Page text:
Bacterial meningitis is one of the most dangerous types of bacterial diseases. It causes inflammation of the brain or central nervous system, and can cause irreparable damage in those who survive an aggressive infection. When left untreated, bacterial meningitis has a fatality rate as high as 70%, and nearly a quarter of patients who survive the infection are left with severe, permanent neurological complications.
The most common cause of bacterial meningitis is pneumococcal bacteria, an infectious organism that can also cause respiratory infections such as pneumonia. Thanks to immunologists and medical research, vaccines exist that effectively target the most common strains of pneumococcal bacteria. Unfortunately, a new study suggests that those existing vaccines may be potentially ineffective against a different type of pneumococcal bacteria; one that seems to be causing cases of meningitis in an unexpected way.
The study, which was published in The Pediatric Infectious Disease Journal, noted that the use of vaccines has resulted in a greatly decreased rate of pneumonia and bacterial blood infections. However, the rate of bacterial meningitis has not seen a similar decrease and may have, in fact, increased during the same time frame. The study’s authors believe the problem stems from new vaccine-resistant strains of bacteria that have evolved since vaccines have been in broad use.
Hiding from Vaccines – The Bacterial Meningitis Vaccine Challenges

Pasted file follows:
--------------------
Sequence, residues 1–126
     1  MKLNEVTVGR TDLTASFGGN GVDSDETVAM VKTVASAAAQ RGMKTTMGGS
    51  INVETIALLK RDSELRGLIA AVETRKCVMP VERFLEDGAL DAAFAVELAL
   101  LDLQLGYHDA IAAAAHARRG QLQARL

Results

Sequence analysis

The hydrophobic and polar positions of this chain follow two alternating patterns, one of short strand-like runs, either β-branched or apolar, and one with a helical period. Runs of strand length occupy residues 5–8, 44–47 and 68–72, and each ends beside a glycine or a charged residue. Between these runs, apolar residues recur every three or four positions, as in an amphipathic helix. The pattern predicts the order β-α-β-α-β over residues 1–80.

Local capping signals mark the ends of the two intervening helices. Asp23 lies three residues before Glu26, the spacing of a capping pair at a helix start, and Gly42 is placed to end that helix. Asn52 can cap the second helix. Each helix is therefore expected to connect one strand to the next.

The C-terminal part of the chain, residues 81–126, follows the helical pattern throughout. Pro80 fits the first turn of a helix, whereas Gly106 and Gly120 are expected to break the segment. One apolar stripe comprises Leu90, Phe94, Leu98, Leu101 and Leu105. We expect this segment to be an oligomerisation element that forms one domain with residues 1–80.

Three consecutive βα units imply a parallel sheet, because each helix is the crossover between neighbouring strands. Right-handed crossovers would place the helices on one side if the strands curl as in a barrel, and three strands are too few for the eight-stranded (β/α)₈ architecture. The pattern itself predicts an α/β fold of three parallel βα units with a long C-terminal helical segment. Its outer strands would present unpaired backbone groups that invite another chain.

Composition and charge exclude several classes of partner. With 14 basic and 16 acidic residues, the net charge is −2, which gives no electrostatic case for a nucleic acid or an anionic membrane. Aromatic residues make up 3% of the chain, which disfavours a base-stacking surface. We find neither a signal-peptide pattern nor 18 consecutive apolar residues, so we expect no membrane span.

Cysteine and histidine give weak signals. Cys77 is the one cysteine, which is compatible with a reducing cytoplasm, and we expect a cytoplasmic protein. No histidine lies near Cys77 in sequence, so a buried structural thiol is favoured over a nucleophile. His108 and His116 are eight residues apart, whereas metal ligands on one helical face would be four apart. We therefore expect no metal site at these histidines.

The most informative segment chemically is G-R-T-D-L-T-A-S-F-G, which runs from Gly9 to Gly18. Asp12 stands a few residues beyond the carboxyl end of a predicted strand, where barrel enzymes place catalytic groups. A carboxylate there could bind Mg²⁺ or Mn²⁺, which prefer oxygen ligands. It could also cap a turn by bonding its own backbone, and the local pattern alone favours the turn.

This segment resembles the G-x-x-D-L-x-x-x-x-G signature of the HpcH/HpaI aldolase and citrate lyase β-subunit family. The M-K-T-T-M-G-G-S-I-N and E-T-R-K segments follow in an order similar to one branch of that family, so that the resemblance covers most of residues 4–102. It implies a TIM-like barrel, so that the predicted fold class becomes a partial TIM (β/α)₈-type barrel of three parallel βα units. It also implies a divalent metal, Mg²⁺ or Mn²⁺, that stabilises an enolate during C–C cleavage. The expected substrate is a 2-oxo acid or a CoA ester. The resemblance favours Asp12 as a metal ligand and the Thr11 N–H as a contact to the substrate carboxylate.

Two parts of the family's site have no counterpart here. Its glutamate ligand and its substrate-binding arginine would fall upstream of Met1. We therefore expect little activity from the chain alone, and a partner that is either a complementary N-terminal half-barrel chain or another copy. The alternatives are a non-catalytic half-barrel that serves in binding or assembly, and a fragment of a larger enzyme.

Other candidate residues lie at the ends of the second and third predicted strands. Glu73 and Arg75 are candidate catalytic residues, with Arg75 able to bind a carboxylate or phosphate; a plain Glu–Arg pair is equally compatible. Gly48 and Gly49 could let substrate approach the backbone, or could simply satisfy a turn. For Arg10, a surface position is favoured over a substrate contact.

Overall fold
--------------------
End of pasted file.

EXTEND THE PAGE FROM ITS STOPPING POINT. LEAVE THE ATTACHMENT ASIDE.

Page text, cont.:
Pneumococcal conjugate vaccines (PCVs) target strains of streptococcus pneumoniae bacteria that are covered by a protective capsule that prevents the body’s immune system from effectively fighting the bacteria in the bloodstream. New strains of bacteria, however, are covered by a different type of capsule that current vaccines can’t penetrate.
“Widespread use of vaccines resulted in the emergence of a broad diversity of replacement non-PCV type strains,” said Reshmi Mukerji, MPH, and David E. Briles, PhD, of University of Alabama at Birmingham.
The new bacteria also seem to be causing meningitis infections in an unexpected way. Unlike the PCV strains, which tend to travel to the brain via the bloodstream, the new non-PCV bacteria don’t often cause blood infections, possibly because their capsules are not effective in resisting the blood’s immune system.
Instead, the study’s authors believe that the non-PCV bacteria build colonies in the nose, throat, or ears and then migrate directly to the brain from those locations.